men at work oh the Emancipation
mine, seventeen miles from Hope, on
the Coquahalla River, They have a
large tonnage of mill ore of a high
grade blocked out in the mine, also
about 2000 tons of high grade mill ore
on the dump, They are erecting an
aerial tram over 3000 feet long to
convey the ore to a mill with a
capacity of fifty tons per day, which
they are erecting at Emancipation siding about one and a quarter miles east
of Jessica station, on the Kettle Valley
Railway. They claim to have their
mill in running order before November
A net return of $37,000 have been
|/obtained from 120 tons of gold ore
shipped from this property to Tacoma
and Shelby smelters after all freight
and treatment charges were paid.
Gold Strike North of
Fairbanks. Alaska
A gold strike, reported to be the
richest since Oleary Creek days, is
reported to have been made along
Wilbur Creek,   north  of Fairbanks.
A stampede of miners js under way,
and the strike is reported to^ be a
sensational one The strike is a few
miles from Brooks.
When the road from Alice Arm, to
the Nans Valley is completed it will
be possible to ride in an auto from the
Alice Arm wharf to the Naas Valley
in about one hour. The people of
Anyox could have breakfast at home,
lunch in the Naas Valley and dinner
at Alice Arm, and arrive back in
Anyox the same day.
Just as soon as the road is completed
the people of Anyox will be able to
wander amid the fields of waving
grain a few hours after leaving home,
and will be able to spend a week or a
month's holiday in one of the most*
beautiful valleys in British Columbia.
Anyox Community League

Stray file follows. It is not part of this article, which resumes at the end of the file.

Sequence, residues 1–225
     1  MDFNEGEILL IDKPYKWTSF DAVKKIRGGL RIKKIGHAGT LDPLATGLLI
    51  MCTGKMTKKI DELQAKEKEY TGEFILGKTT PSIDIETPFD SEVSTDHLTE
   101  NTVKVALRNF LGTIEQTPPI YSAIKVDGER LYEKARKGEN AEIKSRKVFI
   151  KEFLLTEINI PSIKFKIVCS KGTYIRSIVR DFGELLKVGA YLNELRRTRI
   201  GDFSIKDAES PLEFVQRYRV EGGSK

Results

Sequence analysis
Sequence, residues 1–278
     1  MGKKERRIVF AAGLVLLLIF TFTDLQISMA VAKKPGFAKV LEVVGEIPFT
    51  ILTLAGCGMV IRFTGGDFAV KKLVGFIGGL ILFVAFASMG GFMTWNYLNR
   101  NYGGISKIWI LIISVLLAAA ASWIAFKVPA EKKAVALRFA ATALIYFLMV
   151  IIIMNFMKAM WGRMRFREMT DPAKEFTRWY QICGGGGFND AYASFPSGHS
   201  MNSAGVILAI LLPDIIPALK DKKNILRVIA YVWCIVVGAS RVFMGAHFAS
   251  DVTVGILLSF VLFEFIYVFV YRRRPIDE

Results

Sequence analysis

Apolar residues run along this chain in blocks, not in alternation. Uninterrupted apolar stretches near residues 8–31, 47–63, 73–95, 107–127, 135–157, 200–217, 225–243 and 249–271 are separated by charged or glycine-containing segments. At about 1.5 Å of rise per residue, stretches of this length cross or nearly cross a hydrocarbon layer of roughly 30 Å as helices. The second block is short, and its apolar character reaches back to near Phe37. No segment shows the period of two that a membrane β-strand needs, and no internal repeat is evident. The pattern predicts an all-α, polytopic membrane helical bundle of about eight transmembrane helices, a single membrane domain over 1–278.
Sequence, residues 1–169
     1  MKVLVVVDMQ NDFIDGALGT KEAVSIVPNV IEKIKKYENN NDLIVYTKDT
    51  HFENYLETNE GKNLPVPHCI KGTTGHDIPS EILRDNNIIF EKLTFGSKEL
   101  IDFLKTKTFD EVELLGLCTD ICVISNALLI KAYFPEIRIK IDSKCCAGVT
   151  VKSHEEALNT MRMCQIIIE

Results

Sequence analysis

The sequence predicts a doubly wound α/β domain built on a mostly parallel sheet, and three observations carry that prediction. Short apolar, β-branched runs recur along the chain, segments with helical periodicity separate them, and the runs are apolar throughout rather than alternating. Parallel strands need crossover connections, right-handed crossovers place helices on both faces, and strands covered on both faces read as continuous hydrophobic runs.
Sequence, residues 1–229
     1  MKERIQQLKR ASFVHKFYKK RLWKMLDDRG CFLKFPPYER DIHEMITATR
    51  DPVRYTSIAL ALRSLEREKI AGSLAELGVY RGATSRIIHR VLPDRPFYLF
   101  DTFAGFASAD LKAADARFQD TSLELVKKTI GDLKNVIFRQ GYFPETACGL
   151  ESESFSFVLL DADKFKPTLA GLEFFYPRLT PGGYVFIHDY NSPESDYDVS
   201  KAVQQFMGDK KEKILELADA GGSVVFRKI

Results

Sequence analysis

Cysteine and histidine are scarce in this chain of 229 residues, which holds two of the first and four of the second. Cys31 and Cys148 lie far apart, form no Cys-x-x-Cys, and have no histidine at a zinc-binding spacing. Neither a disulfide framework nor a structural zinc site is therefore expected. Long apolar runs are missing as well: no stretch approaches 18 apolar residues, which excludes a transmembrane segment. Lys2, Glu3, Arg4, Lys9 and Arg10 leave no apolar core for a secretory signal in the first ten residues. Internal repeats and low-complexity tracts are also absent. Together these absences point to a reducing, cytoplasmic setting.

Council
Meet every Friday evening at 7 p.m.
Last Friday in the month Meeting held at Mine
Othe'r Meetings held at Recreation Hall, Beach
B. P. O. Elks
Dominion of Canada
ANYOX LOpGE No. 47
Meets Every Monday, 8 p.m.
Elk's Hall
FRANK D. RICE
B. C. LAND  SURVEYOR
Surveys of Mineral Claims, Subdivisions. Underground Surveys
Etc.   , ,;■,, ■•
ALICE ABM, B. 0.
UNION CHURCH
SUNDAY SCHOOL,  11 a.m.
EVENING  SERVICE, 7.45 a.m.
ALL WELCOME
Rev. J. HERDMAN, Pastor
New York Capital to
Develop Big Missouri
Pat Daly, of Stewart is back from
New York, and accompanying him is
Mr. T. A. Wilson, mining engineer
of New York, who will make an
examination of the Big Missouri mine
at Stewart. Sufficient capital has
been raised to carry on considerable
development work,
Two companies have been formed to
'finance the work, one is a holding
company incorporated in the United
States, known as the Portland Canal
Mines and another incorporated in
British Columbia, known as the Daly
Mines Co., Ltd,
Patronize our Advertisers
SALVATION   ARMY
SUNDAY   SCHOOL 2 P.M.
(Mine School House)
SEBVICE ON SUNDAY EVENING
AT 8 P.M.
Recreation Hall (Beach)
All Welcome
SPECIAL!!
Slicker Coats, Rubber Boots,]
Raincoats, Rubbers, Mackinai
Coats, Slicker Hats, Etc.
A New Line of Suit Gases Just Received.   Gall and
Look Them Over.
Full Lines of Clothing Carried for Both
Ladies and Gentlemen
Lew Lun & Co.
General Merchants
West Side of Smelter Anyox, B. C.
See    AL.   FALCONER     Alice Arm
FOR
Transfer, Baggage or Freight, Pack
Horses, Wood or Coal
Every Order Given Immediate Attention
Dr. H. S. SIMMONS
D.D.S., L.D.S., D.D.C;
DENTIST
Anyox, B. C.
FOR SALE
One Thorough-bred black Minorca
Rooster for Sale, 2 years old.—
Apply H. H. Carney, Alice Arm
FIRE, LIFE,   ACCIDENT
AND   SICKNESS
INSURANCE
Chas. Wing     Anyox
ANYOX BARBER SHOP
GIVE US A CALL
USE
Granby Benzol
THE BEST MOTOR FUEL
FOR SALE BY THE
GRANBY STORE
ANYOX
Spring Chickens
And Hens for Sale; also some
Young Rabbits
H. H. CARNEY, Alice Arm
SHOE REPAIRING
OF ALL KINDS
•  QUICK SERVICE
LEO PAULCER   Alice Arm
B. W. BARRETT
ALICE ARM
General
Merchandise
oc
3itC
3IC
3HC
3»S
"THE SHACK"
ICE CREAM STAND
Ice Cream, Cigars, Tobacco,
Cigarettes, Candy, Newspapers, Magazines, etc.
MAUD STANLEY
PROPRIETRESS
Soft Drinks, Cigars, Tobacco
Rooms to Rent by Day,
Week or Month
GIVE US A CALL
John Lulich & Thomas
PROPS.
Kitsault Cigar Store
Cigars, Tobacco & Soft Drinks
Wholesale and Retail
ROBERTSON & DUMAS, Props.
FOR SALE
At Alice Arm, two tent Shacks,
with board floor and sides, 10ft.
by 12ft. Wood Shed, Out-house
and Pump. Good location. Garden.—Apply to Herald Office.
WRST CLASS ROOMS
For Rent, by Day, Week or Month.
Reasonable Rates,
CIGARS, TOBACCO & SOFT DRINKS
POOL ROOM IN CONNECTION
N. SUTILOVICH, Prop.
Subscriptions to the Herald
can be taken at the Book
Store  on  Wharf,   or   the
Mine Pool Room
j&ljttjjXl . f